In this Access forms tutorial you will learn how to make Access forms more usable with controls while increasing the integrity of your Access database.
Making forms more usable
Watch the video! (10:04min)
Download the example to work along with the video.
Making forms more useable
You already know that forms can help you increase the integrity of your data by limiting what you see and how you can enter data. You saw that using a drop-down list can make data entry easy. Now it's time to think about the design of your forms from a form user's perspective.
Let's look at the Orders form in our bookstore scenario. The basic form, which was created with the Form command, looks like this:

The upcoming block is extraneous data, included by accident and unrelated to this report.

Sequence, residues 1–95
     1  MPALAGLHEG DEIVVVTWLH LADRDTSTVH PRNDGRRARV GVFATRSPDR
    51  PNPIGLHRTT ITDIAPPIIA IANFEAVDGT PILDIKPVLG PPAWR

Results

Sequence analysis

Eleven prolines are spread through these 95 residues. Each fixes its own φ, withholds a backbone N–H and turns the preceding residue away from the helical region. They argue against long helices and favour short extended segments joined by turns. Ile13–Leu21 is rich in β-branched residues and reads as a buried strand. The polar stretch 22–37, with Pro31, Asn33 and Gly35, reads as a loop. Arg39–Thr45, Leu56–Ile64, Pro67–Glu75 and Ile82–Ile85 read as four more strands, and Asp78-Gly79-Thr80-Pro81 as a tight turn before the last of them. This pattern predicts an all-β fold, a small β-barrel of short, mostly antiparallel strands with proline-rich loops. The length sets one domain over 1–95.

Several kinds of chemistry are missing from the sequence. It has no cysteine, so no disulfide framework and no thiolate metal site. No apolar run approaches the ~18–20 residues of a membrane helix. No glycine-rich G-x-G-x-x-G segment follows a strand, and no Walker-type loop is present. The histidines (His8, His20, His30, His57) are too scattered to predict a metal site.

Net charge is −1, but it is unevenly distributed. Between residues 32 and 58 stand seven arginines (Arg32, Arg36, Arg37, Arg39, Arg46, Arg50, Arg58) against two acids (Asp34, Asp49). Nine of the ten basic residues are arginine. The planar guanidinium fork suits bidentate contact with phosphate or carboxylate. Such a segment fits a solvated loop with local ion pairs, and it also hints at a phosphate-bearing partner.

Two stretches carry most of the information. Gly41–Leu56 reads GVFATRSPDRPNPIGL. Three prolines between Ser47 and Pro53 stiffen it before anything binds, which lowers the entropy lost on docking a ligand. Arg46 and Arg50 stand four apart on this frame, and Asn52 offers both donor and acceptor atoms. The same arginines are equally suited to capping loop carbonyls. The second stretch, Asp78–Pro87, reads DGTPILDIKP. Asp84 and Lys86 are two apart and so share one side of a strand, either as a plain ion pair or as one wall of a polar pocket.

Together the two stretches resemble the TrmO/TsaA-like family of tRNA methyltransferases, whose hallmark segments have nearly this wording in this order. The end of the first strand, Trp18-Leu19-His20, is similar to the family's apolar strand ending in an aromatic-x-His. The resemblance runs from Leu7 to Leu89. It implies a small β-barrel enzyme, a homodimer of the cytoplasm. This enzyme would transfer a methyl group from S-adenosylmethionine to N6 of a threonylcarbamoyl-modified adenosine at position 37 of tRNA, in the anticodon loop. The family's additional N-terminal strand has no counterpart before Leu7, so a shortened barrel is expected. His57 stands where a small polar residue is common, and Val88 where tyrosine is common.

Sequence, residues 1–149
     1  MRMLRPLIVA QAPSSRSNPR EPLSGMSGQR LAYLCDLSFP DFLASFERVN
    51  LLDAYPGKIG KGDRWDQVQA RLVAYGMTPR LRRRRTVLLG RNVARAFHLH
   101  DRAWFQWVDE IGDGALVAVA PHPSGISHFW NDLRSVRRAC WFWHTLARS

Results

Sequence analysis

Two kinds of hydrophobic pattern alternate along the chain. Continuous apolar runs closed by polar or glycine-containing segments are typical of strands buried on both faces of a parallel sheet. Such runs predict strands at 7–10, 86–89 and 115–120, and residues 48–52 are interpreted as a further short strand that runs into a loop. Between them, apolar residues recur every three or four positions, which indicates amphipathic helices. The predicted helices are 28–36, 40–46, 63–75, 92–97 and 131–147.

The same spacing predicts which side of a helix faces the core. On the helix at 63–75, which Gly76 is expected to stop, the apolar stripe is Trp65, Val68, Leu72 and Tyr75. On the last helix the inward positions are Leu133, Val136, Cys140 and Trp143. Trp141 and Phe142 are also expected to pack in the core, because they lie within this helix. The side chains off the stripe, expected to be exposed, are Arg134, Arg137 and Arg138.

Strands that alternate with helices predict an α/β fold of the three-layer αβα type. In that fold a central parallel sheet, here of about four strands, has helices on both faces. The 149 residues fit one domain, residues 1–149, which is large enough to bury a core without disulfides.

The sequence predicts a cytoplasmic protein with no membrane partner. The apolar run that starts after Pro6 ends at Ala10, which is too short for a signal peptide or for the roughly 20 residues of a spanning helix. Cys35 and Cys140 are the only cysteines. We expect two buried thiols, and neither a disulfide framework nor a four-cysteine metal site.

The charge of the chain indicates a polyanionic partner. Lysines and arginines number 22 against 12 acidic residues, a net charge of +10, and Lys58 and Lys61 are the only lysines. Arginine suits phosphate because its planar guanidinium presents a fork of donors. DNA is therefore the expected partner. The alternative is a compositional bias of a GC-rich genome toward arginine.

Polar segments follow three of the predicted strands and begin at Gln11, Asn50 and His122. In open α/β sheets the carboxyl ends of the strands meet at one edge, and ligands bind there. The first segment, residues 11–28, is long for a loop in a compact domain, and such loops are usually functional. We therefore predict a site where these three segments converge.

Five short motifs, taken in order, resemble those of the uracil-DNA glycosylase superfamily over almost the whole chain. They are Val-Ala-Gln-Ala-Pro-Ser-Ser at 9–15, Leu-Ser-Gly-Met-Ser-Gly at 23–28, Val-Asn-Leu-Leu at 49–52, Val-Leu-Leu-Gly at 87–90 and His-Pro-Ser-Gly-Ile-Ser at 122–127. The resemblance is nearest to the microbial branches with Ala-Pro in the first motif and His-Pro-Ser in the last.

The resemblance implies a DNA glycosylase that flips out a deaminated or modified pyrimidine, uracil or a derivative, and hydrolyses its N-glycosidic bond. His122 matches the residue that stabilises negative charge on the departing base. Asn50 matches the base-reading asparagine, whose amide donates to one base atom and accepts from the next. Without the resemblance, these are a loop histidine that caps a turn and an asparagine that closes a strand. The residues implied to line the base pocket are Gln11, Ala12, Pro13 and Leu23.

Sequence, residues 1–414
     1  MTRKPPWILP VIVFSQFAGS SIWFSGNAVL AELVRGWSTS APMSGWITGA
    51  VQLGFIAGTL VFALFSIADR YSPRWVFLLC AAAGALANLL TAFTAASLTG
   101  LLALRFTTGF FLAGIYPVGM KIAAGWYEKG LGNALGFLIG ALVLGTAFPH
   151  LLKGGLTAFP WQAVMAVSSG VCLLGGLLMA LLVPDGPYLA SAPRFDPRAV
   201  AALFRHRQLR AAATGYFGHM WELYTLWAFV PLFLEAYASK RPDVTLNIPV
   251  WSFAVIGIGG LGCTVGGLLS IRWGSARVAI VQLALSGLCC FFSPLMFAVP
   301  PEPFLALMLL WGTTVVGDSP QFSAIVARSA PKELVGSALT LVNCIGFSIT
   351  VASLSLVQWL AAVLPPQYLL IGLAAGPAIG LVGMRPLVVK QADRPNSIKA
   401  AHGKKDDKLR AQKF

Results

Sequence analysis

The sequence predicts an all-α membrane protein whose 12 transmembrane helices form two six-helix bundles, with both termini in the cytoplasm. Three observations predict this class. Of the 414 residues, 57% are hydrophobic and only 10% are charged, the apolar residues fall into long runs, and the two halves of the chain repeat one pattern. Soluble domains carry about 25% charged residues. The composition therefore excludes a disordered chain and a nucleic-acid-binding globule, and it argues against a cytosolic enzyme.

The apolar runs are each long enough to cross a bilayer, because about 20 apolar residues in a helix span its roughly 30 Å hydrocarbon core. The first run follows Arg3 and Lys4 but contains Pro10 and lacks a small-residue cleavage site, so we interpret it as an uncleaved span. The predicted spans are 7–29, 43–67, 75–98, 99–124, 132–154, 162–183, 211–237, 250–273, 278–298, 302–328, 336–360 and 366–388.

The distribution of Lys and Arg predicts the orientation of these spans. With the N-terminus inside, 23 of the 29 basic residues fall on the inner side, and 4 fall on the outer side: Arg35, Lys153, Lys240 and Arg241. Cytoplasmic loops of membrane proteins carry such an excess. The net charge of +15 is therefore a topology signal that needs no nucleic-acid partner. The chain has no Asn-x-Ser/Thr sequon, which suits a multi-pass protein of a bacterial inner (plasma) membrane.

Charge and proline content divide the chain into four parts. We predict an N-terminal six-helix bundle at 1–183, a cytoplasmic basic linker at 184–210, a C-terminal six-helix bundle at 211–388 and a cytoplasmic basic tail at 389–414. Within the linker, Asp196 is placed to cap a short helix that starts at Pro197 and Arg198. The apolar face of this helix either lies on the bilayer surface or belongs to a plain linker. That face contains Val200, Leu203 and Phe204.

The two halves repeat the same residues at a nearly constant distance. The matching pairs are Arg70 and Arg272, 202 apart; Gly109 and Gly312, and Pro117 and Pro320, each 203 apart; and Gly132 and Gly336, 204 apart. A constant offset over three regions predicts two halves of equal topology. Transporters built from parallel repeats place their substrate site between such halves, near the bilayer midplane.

This form is where we would want our user—the store employee—to pair a customer with a book to complete an order. Let's look at the form from the user's point of view:
- The employee would be adding new orders, not editing existing ones, so we'll set form properties to limit this action.
- The user will also never need to enter the Order ID number because this is the number the database assigns each order record to differentiate it from other orders. We'll hide this field.
- The Customer ID field and the Book ID field are not too useful as they are because the employee would have to know each customer's ID number and every Book ID number to be able to enter the data in the format we need. We'll make these fields more useable by creating combo boxes that help users select the correct customer and book.
- Our user will not need to enter the Order Date because we want the database to auto-populate this field in the database using today's date. We'll set field properties to make this happen.